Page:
Poland and the United Kingdom deserved all the atrocities that happened in World War II because they would not engage in diplomacy with Germany. “Why did Warsaw not negotiate with Berlin, which was hinting at an offer of compensatory territory in Slovakia?” he asked. “Because the Poles had a war guarantee from Britain that, should Germany attack ,Britain and her empire would come to Poland’s rescue.”

Buchanan also defended convicted Nazi war criminal Ivan Demjanjuk, who he compared to Jesus Christ, because Holocaust survivors “disremembered”  these atrocities. “This so-called ‘Holocaust Survivor Syndrome’ involves ‘group fantasies of martyrdom and heroics.’ Reportedly, half of the 20,000 survivor testimonies in Yad Vashem memorial in Jerusalem are considered ‘unreliable,’ not to be used in trials[…]The problem is: Diesel engines do not emit enough carbon monoxide to kill anybody.”

Buchanan called Adolf Hitler a man of “great courage, a soldier’s soldier in the Great War, a leader steeped in the history of Europe, who possessed oratorical powers that could awe even those who despised him[…]His genius was an intuitive sense of the mushiness, the character flaws, the weakness masquerading as morality that was in the hearts of the statesmen who stood in his path.”

The same people who complain about the toxic media are now trying to defend Buchanan’s lies that he uses to justify his vicious bigotry and hatred. People need to be educated, not inflamed, by the media if they are ever able to more forward. People deserve reasonable dialog, not inflammatory falsehoods.

January 28, 2012

Buchanan, Other Republicans Exhibit Racism

Sixteen years ago, Pat Buchanan won the New Hampshire primary for presidential candidate; now he may be fired from MSNBC. Three months ago, the activist group Color of Change started a petition against his employment at the television network after a number of racist insults, including calling President Obama “your boy” on Al Sharpton’s show.

Buchanan hasn’t appeared on the network since he headed out on his book tour. Suicide of a Superpower includes chapters  with titles such as “The End of  White America” and “The Death of Christian America” for chapters, and he stated that the country is in the “Indian summer of our civilization.” An MSNBC’s top executive has said that Buchanan will be allowed back on the network.

Buchanan gave two scenarios for what happened. On Hugh Hewitt’s radio show, he said that he had medical issues, that there was nothing permanent about the separation. Two days later he told Sean Hannity that the problem came from the gays and the people of color. He also blamed the Jews because of his position that the United States shouldn’t go to war with Iran to protect Israel.

MSNBC President Phil Griffin hasn’t come right out and stated that Buchanan is suspended, but thus far he hasn’t appeared on the network.

The Republicans have had a history of racial prejudice in the past decades, and people like Republican National Committee Chairman Ken Mehlman tried in the past to overcome this image. Almost seven years ago, he apologized to the NAACP, saying that Republicans had pushed racial strife to get white voters, especially in the South. Since then the racial divide has only worsened.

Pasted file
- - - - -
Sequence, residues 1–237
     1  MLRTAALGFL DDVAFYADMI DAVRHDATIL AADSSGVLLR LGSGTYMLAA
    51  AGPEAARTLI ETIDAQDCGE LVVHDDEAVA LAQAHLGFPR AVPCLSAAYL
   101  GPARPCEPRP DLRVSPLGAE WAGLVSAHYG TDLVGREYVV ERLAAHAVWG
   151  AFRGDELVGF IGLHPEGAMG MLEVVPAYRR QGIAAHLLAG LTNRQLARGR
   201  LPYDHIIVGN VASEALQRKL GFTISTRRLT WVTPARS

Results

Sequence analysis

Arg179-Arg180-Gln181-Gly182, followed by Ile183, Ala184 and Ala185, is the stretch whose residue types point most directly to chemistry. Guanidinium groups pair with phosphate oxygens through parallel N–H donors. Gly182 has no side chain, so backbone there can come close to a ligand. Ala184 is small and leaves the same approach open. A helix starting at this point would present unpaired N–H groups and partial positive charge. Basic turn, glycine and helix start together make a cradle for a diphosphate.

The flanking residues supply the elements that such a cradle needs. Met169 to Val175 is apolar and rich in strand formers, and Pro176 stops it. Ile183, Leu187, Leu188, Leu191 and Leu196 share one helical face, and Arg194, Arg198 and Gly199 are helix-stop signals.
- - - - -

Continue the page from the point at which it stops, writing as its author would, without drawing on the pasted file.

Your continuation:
In Tennessee Tea Party groups are demanding that the state legislature remove references to slavery in school textbooks. Their goal is to erase any negative portrayals of the rich white men who wrote the Constitution: “No portrayal of minority experience in the history which actually occurred shall obscure the experience or contributions of the Founding Fathers, or the majority of citizens, including those who reached positions of leadership.” Fayette County attorney Hal Rounds, the group’s lead spokesman, said the group wants to address “an awful lot of made-up criticism about, for instance, the founders intruding on the Indians or having slaves or being hypocrites in one way or another.”

Meanwhile, in North Carolina, the 800-square-mile Wake County School District in Raleigh wants to segregate its schools, stating that concentrating poor children—usually minorities—in a few schools has merit. John Tedesco, one of the new Republican-majority board, said, “This is Raleigh in 2010, not Selma,Alabama, in the 1960s–my life is integrated.” The NAACP has filed a civil rights complaint arguing that 700 initial student transfers the new board approved have already increased racial segregation, violating laws that prohibit the use of federal funding for discriminatory purposes.

Concern about the Republican presidential candidates’ racist pandering to the white base has also been growing throughout the past few months. Rick Santorum said, “I don’t want to make Black people’s lives better by giving them somebody else’s money. I want to give them the opportunity to go out and earn the money.” Criticized for this statement, he tried excuse himself by saying that he listened to the tape and must have same something like “bla…” Doesn’t work.

Ron Paul wants to overturn the Civil Rights Act because he thinks white private business owners should have the “freedom” not to serve minorities. His virulently racist newsletters from the 1990s have also found more and more publicity. Despite Paul’s denials stating that he knew nothing about the newsletters’ content, associates declare differently, saying that they watched him proof and sign off on what was said.